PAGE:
A 35-year-old chauffeur who has a young son, Travis, with his wife, Ruth. The family lives in small apartment with Walter's mother and sister in the South Side of Chicago. Hansberry describes Walter as a lean, intense man with nervous movements and erratic speaking patterns. Played by Sidney Poitier in the original Broadway production.
Lena Younger (Mama)
The 60-something matriarch of the family. She has recently lost her husband Walter Sr., and will be the recipient of a $10,000 life insurance check. Played by Claudia McNeil in the original Broadway production.
Walter's 20-year-old sister, a college student who invades the Younger household with her modern ideas and philosophies on race, class, and religion. She is a handsome intellectual who has worked hard to refine her speech. Played by Diana Sands in the original Broadway production.
Walter's wife and Travis' mother. In her early thirties, Ruth is exceptionally pretty, but is aging before her time because of her impoverished surroundings. During her 11 years of marriage, she often bore the responsibility of keeping the household running, in addition to working as a domestic servant. Played by Ruby Dee in the original Broadway production.
Walter and Ruth's 10-year-old son.
A Nigerian college student pursuing Beneatha.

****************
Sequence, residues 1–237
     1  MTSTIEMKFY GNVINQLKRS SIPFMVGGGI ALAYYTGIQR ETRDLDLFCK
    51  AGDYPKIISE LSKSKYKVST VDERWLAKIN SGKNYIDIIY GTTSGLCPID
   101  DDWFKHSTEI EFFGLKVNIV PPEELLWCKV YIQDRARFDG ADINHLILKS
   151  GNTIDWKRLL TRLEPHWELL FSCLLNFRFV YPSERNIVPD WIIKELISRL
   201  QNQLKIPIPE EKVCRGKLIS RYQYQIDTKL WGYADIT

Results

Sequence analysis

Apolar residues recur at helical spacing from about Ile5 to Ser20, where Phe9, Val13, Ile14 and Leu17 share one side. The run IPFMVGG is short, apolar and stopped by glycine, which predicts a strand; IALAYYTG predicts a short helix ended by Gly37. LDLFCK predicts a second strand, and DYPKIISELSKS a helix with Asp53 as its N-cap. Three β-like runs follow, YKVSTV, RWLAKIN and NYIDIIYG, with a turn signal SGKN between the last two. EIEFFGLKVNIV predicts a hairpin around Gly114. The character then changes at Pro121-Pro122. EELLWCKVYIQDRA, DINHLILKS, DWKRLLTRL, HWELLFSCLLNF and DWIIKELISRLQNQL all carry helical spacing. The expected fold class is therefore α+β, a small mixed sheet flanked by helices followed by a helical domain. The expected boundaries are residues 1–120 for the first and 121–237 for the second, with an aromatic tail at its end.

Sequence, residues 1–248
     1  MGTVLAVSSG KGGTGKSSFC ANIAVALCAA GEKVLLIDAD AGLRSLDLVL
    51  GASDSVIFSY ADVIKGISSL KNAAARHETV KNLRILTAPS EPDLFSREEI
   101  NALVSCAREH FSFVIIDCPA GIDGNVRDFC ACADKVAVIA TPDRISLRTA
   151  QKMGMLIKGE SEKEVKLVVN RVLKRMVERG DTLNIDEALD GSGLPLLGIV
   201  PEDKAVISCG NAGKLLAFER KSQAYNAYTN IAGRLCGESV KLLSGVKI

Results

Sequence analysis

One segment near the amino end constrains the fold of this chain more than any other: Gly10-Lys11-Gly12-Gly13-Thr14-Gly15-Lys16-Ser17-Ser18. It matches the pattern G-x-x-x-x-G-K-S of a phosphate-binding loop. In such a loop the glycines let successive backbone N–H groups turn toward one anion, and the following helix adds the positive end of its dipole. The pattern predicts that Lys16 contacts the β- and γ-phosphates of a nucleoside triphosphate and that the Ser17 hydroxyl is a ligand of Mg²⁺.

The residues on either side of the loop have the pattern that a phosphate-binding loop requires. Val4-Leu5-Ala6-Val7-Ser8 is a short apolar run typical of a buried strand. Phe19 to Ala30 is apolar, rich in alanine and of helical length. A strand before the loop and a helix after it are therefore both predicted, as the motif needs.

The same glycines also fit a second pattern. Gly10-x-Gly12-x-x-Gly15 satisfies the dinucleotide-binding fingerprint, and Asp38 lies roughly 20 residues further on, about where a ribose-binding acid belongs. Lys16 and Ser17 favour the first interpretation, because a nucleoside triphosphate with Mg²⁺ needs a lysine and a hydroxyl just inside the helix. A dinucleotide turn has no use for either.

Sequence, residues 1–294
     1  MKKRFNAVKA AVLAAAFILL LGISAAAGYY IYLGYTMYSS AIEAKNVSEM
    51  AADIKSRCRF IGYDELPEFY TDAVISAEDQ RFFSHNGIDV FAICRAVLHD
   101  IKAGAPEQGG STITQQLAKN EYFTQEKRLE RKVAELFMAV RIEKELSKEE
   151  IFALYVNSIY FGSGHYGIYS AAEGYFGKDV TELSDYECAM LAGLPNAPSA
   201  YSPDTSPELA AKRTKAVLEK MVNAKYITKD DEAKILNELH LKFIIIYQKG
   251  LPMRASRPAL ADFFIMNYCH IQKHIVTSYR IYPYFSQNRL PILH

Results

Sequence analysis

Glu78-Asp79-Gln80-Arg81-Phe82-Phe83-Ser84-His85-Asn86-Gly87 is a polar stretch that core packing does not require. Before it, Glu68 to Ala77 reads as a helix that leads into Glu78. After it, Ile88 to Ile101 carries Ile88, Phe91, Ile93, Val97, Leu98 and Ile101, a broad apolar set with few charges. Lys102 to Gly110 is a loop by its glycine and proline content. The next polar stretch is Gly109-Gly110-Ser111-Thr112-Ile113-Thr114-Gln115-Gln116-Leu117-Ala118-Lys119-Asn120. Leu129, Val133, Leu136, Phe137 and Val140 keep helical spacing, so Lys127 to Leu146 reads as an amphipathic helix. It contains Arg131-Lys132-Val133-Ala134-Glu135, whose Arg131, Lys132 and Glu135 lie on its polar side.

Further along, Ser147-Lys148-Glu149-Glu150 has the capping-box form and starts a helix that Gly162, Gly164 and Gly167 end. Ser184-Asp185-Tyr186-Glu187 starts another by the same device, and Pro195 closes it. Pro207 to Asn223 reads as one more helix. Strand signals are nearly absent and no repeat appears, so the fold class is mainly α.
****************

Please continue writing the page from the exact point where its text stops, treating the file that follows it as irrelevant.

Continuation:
Beneatha's boyfriend and fellow classmate, who hails from a wealthy black family.
The Youngers' nosy neighbor, who points out the dangers of moving into Clybourne Park
A white, middle-aged representative from the Clybourne Park Improvement Society.
A fellow investor in the liquor business, along with Willy and Walter.
A partner in the liquor business scheme who eventually runs off with Walter and Bob's investment money.
A Raisin in the Sun Questions and Answers
The Question and Answer section for A Raisin in the Sun is a great
resource to ask questions, find answers, and discuss the novel.
The NAACP is the National Association for the Advancement of Colored People. This organization places all of its focus and continuous work toward civil rights. When Walter mentions the NAACP taking a holiday, he is essentially telling her to...
Walter asks Ruth what is wrong with her in the first few moments of the scene. She is short-tempered and seems on edge.... she's exhausted, and from her comments, we can infer she's concerned about their finances.